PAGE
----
Unholy Terror by Ian Mulgrew

Unholy Terror: The Sikhs and International Terrorism

Key Porter Books (Canada) 1986

It was shortly after nine o’clock on a sunny Wednesday morning when the murder that changed the face of Indian politics occurred. The sixty-seven-year-old, gray haired woman stepped out of a side door into the lush garden that surrounded her sprawling white bungalow. The air was crisp, and scented by a profusion of blooming roses. One of her security guards, Narain Singh, opened a parasol over her head to block the fierce glare of the early-winter sun. The shrubbery cast mottled shadows and her bright saffron-colored sari brushed the cement walk as she strode through the garden.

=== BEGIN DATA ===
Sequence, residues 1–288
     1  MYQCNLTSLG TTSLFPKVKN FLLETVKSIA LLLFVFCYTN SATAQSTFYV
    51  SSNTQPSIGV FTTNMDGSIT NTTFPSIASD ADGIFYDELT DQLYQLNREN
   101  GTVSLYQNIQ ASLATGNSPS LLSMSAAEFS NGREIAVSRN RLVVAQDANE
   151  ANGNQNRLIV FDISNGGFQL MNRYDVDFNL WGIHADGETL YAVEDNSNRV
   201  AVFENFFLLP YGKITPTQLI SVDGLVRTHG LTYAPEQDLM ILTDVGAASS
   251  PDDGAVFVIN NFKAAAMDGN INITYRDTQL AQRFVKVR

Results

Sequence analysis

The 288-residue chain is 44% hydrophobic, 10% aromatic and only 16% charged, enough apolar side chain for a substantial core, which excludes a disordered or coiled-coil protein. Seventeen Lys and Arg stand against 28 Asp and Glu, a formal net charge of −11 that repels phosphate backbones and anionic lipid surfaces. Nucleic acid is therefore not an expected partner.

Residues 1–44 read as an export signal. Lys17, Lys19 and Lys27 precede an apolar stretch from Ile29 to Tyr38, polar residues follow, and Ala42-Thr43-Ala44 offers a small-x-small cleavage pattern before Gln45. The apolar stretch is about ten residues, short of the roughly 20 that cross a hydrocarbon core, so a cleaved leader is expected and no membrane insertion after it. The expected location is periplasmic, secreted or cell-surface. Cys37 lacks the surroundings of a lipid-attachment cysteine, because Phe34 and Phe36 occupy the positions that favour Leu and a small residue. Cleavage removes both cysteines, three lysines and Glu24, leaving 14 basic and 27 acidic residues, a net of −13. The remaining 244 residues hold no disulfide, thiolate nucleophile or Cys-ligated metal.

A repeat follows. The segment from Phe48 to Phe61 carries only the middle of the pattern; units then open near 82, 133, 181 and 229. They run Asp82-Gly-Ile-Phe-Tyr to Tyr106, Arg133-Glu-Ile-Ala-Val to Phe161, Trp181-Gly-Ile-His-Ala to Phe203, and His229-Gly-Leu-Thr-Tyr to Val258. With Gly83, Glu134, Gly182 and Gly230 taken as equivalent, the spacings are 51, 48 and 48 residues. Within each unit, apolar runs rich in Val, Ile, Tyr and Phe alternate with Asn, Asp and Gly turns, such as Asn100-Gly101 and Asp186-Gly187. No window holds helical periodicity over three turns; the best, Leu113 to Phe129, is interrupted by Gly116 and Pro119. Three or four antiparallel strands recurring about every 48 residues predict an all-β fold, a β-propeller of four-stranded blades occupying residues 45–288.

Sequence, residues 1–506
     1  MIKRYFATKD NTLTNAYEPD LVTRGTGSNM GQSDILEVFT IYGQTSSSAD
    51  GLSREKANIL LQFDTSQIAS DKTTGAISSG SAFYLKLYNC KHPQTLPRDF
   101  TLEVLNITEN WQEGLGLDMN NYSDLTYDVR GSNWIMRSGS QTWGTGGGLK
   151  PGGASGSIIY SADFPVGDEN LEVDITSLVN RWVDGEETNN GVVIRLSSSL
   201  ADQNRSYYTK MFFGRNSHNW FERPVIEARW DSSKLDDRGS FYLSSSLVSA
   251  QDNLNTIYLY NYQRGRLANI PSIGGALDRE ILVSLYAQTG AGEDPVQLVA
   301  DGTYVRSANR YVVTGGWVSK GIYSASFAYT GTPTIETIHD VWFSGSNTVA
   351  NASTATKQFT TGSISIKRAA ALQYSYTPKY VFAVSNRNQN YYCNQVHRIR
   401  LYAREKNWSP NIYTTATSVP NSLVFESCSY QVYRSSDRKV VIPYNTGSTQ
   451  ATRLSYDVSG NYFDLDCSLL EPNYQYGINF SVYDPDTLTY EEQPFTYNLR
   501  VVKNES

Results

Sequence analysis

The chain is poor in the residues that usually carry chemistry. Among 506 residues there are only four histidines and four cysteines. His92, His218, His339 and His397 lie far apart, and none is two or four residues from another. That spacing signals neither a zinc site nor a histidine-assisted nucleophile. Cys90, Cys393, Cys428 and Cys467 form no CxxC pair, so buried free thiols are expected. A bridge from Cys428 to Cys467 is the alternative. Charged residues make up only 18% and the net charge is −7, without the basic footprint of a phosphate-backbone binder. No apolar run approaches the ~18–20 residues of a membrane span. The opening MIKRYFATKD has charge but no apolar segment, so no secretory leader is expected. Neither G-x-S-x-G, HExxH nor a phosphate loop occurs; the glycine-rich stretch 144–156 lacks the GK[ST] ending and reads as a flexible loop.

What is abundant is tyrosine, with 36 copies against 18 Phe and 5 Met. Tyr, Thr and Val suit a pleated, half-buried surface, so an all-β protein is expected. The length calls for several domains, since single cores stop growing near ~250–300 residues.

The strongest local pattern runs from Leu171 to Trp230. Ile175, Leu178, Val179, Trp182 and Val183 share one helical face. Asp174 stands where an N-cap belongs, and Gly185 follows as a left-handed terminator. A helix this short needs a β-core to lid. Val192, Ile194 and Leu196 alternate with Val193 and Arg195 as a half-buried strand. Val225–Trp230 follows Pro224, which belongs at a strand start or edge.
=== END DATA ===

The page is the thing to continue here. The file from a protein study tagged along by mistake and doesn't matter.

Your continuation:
At the white-and-red wicket gate in the hedge that separated the offices from Indira Gandhi’s home, a twenty-eight-year-old sub-inspector of police stood at attention. Beant Singh had served as a guard of the prime minister for six years. Instead of salutin, he drew his .35 caliber, standard-issue revolver and fired. His partner, Constable Satwant Singh, who was stationed on the other side of the hedge, came through the gate and emptied his Thompson automatic carbine into the crumpled figure on the ground. Narain Singh dove for cover, dropping the umbrella he carried. Another guard fell, wounded in the thigh. The aging matriarch’s valet and secretary, who were trailing behind in her entourage, scattered as the bullets ricocheted off the pavement.